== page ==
"My Diaries Are In Your Basement"

Everyone has at least one good book in them, and I think yours should be about me.
— Grandma Woodcock, 1955

boxed under that Raggedy Ann

I made you from practically nothing,

which is what I loved about my life—

always something from nothing.

I apologize for her Magic Marker mouth—

embroidery takes so long—

and for the dresses I trimmed with lingerie lace,

as if anyone could even tell.

I hope by now you’ve lightened up.

So much attention to books

when reading the synopsis would do.

My diaries, though…

There is more there than the visits to Dr. McGinty

the heart medicine

the complaints about your uncle’s cigar smoke.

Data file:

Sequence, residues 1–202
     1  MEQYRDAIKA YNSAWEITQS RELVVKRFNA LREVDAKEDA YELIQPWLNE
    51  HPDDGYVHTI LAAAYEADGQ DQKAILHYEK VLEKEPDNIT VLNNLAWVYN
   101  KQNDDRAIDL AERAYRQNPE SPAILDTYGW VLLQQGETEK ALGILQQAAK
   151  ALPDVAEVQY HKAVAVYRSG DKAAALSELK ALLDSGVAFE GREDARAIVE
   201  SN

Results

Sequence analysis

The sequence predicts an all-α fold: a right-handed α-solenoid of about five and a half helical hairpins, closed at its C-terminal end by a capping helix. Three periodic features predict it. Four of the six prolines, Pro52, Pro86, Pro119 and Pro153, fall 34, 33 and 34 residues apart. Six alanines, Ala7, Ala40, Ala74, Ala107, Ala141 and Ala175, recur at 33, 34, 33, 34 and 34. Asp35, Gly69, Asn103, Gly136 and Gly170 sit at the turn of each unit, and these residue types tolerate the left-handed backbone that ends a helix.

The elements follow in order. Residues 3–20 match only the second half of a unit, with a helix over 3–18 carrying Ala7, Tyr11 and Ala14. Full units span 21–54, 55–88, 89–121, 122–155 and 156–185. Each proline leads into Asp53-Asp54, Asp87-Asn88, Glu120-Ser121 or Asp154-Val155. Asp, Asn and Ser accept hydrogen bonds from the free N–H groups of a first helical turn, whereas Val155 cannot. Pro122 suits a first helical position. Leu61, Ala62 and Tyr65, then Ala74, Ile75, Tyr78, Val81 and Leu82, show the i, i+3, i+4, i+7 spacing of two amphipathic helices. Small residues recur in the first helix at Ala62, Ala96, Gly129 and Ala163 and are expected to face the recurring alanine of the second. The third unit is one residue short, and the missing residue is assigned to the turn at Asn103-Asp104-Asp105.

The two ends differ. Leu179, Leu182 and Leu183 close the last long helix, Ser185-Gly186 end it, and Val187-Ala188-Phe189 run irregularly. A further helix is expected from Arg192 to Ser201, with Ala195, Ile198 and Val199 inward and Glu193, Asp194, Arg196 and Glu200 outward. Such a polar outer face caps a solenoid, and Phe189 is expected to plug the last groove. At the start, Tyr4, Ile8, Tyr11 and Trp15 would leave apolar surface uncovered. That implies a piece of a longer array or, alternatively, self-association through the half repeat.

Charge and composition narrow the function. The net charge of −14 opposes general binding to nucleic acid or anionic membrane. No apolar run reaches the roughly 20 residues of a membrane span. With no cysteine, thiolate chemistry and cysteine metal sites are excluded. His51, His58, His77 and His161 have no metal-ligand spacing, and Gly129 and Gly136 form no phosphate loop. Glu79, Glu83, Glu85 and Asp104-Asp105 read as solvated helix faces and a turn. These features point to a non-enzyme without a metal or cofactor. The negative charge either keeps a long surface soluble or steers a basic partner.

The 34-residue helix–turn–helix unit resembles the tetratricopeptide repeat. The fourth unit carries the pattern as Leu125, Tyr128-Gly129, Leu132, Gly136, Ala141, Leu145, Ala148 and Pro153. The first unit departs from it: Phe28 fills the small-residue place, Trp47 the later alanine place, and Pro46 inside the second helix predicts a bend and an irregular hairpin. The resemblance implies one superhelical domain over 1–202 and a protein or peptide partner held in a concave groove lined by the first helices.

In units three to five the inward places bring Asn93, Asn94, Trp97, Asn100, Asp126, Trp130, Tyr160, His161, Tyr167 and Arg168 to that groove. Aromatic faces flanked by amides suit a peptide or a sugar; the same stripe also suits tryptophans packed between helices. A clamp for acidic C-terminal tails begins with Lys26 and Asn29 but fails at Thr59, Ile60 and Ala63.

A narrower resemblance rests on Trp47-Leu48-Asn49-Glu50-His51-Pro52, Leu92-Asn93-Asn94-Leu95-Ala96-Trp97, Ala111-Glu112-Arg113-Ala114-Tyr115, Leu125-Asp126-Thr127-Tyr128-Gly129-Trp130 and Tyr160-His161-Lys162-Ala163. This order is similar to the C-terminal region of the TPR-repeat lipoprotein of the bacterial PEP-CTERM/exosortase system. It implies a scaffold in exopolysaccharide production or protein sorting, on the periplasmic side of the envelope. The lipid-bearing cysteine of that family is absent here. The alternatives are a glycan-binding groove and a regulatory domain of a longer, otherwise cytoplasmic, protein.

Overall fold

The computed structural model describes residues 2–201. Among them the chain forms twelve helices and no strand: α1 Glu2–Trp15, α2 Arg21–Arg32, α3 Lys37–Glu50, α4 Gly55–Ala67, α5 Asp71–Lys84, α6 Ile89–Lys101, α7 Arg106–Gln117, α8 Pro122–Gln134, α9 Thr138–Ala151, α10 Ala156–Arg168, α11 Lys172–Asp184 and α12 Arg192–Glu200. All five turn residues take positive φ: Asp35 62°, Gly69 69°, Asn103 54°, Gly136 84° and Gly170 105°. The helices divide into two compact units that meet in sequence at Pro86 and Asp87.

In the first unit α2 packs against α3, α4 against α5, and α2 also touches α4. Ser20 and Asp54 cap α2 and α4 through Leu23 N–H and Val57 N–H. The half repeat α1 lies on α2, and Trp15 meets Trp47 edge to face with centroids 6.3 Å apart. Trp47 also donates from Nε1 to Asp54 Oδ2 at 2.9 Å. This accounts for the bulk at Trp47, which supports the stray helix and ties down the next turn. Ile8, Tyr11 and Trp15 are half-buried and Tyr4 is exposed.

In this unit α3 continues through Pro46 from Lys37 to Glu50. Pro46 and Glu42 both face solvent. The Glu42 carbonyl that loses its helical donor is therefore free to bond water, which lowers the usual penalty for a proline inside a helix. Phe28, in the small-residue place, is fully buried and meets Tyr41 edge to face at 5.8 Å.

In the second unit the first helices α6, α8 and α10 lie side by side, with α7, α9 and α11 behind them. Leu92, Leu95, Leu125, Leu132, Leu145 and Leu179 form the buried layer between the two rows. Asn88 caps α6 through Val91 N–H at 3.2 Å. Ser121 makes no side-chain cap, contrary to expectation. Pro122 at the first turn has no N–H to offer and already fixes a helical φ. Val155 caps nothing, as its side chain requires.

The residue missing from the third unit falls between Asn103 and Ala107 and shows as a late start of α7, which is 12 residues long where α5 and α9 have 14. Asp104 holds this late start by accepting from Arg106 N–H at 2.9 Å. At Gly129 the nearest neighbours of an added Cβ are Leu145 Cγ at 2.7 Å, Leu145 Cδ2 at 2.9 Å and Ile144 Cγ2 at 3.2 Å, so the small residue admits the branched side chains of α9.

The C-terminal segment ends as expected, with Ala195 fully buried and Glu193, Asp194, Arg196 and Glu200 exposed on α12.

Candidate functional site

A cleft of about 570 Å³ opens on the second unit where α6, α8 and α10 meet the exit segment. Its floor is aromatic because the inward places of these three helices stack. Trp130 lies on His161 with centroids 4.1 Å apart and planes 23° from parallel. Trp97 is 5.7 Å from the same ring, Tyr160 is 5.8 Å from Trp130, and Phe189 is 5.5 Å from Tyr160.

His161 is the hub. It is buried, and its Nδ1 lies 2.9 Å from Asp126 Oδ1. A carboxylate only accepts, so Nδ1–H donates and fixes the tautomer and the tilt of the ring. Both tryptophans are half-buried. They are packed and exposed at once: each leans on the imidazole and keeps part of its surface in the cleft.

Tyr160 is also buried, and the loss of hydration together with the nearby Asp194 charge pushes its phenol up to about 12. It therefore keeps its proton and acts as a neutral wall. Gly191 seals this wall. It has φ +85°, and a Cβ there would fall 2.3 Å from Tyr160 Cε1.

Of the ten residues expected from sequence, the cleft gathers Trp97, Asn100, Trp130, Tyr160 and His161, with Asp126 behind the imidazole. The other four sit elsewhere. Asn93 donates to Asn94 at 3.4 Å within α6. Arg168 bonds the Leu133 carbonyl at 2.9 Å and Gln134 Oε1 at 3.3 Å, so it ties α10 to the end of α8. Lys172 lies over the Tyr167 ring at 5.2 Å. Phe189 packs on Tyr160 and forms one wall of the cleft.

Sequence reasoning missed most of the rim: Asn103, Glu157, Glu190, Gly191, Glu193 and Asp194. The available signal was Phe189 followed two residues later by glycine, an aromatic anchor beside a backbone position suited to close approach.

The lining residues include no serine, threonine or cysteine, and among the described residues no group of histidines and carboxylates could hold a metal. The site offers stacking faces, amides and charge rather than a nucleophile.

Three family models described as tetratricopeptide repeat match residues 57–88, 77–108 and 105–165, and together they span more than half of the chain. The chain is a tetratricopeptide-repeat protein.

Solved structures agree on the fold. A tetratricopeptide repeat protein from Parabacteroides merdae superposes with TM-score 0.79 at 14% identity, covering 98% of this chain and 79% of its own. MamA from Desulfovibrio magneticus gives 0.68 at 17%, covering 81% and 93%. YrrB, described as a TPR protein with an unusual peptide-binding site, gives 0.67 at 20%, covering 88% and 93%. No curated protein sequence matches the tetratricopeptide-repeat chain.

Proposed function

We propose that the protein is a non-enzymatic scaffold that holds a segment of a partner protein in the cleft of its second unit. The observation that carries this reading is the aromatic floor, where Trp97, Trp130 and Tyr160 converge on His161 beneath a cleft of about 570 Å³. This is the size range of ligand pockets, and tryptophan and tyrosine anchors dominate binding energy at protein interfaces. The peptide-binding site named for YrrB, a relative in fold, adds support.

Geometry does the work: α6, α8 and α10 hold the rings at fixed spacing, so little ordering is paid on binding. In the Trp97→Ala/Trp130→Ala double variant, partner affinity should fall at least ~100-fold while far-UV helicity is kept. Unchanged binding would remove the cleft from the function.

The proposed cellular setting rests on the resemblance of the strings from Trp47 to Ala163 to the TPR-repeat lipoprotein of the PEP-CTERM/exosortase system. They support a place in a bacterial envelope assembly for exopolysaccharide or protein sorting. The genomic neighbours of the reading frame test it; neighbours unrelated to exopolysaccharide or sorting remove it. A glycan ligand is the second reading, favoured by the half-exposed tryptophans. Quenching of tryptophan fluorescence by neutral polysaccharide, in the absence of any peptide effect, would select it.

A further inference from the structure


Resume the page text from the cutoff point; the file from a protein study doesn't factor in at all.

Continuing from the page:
Please. Read between the lines.

You’ll see how hard it must have been

to pack up and move—with memories and diaries

and Social Security checks and S&H Green Stamps—

from one daughter’s house to the next.

All that sewing

and apple dolls, shell dolls and doughnut making.

I just wanted to earn my keep and tell my stories.

Such good ones….

about my mom dying when I was 12

and me hunting with my brothers

and shooting rabbits along the railroad track

so I’d know the way back home.

If you pull out those books, I know you’ll find me.

Somewhere. In words

like African violets, Nelson Eddy, tomboy.

Why have you waited so long?

About the author

Pat Hurley is a Pushcart-nominated poet from Columbus, Ohio, whose work has been published in journals including Pudding Magazine, Poydras Review, The MOON Magazine and Snapdragon. With her late husband Bill, she co-authored the chapbook Hard to Swallow (NightBallet Press 2018). You can find her online at pathurleypoet.com

Pat Hurley